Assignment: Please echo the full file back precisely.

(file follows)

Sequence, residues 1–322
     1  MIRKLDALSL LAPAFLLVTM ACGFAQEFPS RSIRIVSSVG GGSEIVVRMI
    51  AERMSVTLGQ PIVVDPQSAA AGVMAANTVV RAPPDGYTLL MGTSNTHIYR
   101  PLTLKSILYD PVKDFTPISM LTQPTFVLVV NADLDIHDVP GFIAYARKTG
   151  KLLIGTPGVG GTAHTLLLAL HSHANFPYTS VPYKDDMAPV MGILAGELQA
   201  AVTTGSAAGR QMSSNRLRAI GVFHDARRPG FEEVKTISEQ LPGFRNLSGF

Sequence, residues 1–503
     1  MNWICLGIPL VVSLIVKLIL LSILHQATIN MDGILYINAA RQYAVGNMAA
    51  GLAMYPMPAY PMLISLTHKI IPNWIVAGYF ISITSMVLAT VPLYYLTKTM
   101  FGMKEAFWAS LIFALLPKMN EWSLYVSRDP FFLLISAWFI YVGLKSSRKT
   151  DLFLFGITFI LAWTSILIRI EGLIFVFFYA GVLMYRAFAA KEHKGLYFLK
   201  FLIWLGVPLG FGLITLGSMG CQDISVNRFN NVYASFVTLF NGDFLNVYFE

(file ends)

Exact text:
Sequence, residues 1–322
     1  MIRKLDALSL LAPAFLLVTM ACGFAQEFPS RSIRIVSSVG GGSEIVVRMI
    51  AERMSVTLGQ PIVVDPQSAA AGVMAANTVV RAPPDGYTLL MGTSNTHIYR
   101  PLTLKSILYD PVKDFTPISM LTQPTFVLVV NADLDIHDVP GFIAYARKTG
   151  KLLIGTPGVG GTAHTLLLAL HSHANFPYTS VPYKDDMAPV MGILAGELQA
   201  AVTTGSAAGR QMSSNRLRAI GVFHDARRPG FEEVKTISEQ LPGFRNLSGF

Sequence, residues 1–503
     1  MNWICLGIPL VVSLIVKLIL LSILHQATIN MDGILYINAA RQYAVGNMAA
    51  GLAMYPMPAY PMLISLTHKI IPNWIVAGYF ISITSMVLAT VPLYYLTKTM
   101  FGMKEAFWAS LIFALLPKMN EWSLYVSRDP FFLLISAWFI YVGLKSSRKT
   151  DLFLFGITFI LAWTSILIRI EGLIFVFFYA GVLMYRAFAA KEHKGLYFLK
   201  FLIWLGVPLG FGLITLGSMG CQDISVNRFN NVYASFVTLF NGDFLNVYFE